Two years have passed and the pain associated with my father's passing is still with us. It's certainly not the same as it was when he first passed away. I simply feel his loss in a new, more profound way than I have ever have before. I use the word profound because throughout this time, there has been so much to gain from this - even as tragic as it is. Just as pain is such a vital part of our bodies, the pain we feel when we lose our loved ones can cause us to become better or become bitter. You have the choice.

The pain I've experienced has made me more aware of the pains others feel. It has given me a new language to communicate with and a new understanding I didn't have as a psychotherapist. I see differently, feel much stronger, and am more aware of the needs of those who suffer. Of course I still wonder why God allowed my father to be taken so early. I wish I could say that after two years, I am completely at peace with this; I can't say that. But I can say that God is "speaking" to me through my pain, that even when I don't have a single clue as to what is going on, I trust I am growing even if I'm not aware any growth has taken place.

Just a few evenings ago, I attended an invitation only party for a well-known magazine. Many affluent Long Islanders/NY'ers were in attendance and I met some very unique people. I noticed a pattern with each conversation I had - everything revolved around their lives, their wealth, and their success. Not one person shared their heart to help other individuals. The conversations revolved around who they knew and what they owned.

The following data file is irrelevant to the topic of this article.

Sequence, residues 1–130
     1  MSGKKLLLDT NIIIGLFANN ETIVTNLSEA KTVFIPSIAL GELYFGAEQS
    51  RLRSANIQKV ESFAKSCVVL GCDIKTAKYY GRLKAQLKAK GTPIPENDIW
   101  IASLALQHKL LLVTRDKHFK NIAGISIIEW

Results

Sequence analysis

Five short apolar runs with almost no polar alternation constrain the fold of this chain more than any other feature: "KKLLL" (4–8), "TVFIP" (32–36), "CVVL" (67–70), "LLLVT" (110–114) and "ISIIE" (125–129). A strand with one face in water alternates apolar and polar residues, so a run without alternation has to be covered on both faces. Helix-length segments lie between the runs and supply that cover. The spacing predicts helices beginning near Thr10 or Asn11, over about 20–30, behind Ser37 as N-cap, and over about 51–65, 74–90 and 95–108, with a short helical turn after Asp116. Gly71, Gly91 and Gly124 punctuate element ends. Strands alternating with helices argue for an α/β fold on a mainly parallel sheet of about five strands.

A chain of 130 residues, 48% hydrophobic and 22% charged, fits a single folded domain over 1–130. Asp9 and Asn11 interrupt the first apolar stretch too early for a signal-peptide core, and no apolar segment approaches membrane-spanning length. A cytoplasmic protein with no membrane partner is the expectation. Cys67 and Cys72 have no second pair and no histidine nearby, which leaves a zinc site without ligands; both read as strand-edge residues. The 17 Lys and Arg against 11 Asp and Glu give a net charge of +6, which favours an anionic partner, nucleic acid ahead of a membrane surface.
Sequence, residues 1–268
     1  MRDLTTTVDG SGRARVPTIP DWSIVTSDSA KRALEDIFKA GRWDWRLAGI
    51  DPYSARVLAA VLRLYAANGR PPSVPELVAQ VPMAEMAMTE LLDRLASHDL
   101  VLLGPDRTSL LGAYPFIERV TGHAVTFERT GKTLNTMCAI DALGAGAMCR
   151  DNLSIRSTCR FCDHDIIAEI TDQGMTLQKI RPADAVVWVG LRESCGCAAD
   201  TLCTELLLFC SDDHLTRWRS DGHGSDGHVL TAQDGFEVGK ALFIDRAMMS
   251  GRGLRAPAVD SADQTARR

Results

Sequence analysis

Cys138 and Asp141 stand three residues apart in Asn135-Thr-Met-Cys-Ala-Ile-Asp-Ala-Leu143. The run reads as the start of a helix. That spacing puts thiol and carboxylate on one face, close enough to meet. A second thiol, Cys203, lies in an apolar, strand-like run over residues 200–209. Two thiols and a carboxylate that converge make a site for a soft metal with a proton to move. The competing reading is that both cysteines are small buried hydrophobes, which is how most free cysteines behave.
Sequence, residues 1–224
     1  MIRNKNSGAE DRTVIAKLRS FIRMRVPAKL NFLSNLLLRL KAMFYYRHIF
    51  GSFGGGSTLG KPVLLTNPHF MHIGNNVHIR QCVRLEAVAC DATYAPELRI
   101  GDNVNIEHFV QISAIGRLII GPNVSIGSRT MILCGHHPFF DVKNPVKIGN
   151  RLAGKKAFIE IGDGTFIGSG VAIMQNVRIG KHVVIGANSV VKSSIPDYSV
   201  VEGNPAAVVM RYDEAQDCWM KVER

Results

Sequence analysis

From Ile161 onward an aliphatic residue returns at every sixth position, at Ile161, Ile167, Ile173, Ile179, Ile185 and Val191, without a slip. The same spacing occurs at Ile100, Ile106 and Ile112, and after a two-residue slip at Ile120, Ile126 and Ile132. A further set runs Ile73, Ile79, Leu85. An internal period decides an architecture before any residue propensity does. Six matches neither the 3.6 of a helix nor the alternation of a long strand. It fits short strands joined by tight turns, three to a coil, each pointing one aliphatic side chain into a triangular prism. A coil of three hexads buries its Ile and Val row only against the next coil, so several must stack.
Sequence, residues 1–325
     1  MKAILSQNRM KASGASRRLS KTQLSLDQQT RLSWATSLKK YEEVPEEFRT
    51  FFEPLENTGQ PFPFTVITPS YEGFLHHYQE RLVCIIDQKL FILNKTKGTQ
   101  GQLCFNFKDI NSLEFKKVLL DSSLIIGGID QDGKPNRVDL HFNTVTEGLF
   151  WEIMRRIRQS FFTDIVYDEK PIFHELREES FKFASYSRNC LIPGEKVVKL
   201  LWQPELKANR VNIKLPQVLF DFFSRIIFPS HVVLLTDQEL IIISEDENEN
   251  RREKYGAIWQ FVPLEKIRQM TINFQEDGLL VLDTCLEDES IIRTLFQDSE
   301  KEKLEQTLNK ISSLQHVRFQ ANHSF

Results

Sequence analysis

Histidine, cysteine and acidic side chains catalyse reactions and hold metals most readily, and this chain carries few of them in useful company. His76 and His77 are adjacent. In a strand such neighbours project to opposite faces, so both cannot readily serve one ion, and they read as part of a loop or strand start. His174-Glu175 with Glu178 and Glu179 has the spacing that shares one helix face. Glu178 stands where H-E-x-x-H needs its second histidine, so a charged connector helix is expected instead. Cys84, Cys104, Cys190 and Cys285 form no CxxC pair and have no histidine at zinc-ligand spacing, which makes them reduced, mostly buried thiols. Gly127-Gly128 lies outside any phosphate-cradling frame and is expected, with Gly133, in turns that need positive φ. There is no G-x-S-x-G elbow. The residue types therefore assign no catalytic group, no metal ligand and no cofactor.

When I contrast that group of individuals with those who have tasted pain and suffering firsthand, I see an entirely different type of person with an entirely different outlook on life. No longer do I see pride or arrogance or a hunger for power as a main focus. Egos are no longer competing for top spot. What I find are persons with very tender hearts. They've been broken, but their brokenness is viewed as a welcomed guest. They have been transformed into people who are sensitive and compassionate, desiring to step outside of themselves and give to those in great need. What a difference it is to be with such people.

I find myself far from where these individuals are at but their personalities have a magnetic effect. As I see their humility pour out of their lives, I find myself wanting to know them more and even become like them. I'm drawn to their realness. Why? I believe it's because when I see them, I see the real Jesus I find in scripture. Being with them reminds of my father and mother. My parents demonstrated a life of giving, first to their children and extended family, and then many others.

My pain has highlighted much of what I couldn't see when my father was alive. It has taught me not only about suffering and the reality of our lives on this earth, but the pain that others suffer also. I am grateful to have met several of you who have opened your hearts to me. You've shared your stories of loss. You've conveyed the heartache you shoulder each day. You've expressed your feelings of being alone, and in large gatherings, how your lonlinesess was only heightened. Now I can say - I understand. I wish I could physically embrace you, knowing that my words would do little to console you. Quite often, hugs communicate more than enough.

Two years from today, we said our earthly goodbyes to my father. Today, I stand hopefully more broken, much like the friends I've met along this new journey. Thank you to so many who have played a large part in my own personal growth.

Pressing forward,

- Justin Agoglia (eldest son of Joseph Agoglia)